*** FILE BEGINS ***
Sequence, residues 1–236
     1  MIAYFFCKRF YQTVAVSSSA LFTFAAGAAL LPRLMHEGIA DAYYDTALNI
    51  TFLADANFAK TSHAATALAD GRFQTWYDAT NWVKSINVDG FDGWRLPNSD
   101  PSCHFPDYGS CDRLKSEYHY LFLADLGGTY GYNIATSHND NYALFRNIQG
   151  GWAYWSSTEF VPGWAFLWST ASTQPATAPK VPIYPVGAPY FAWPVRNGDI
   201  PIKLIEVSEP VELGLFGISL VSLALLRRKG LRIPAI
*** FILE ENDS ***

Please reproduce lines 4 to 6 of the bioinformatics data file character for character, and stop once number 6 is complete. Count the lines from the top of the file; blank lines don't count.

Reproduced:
   101  PSCHFPDYGS CDRLKSEYHY LFLADLGGTY GYNIATSHND NYALFRNIQG
   151  GWAYWSSTEF VPGWAFLWST ASTQPATAPK VPIYPVGAPY FAWPVRNGDI
   201  PIKLIEVSEP VELGLFGISL VSLALLRRKG LRIPAI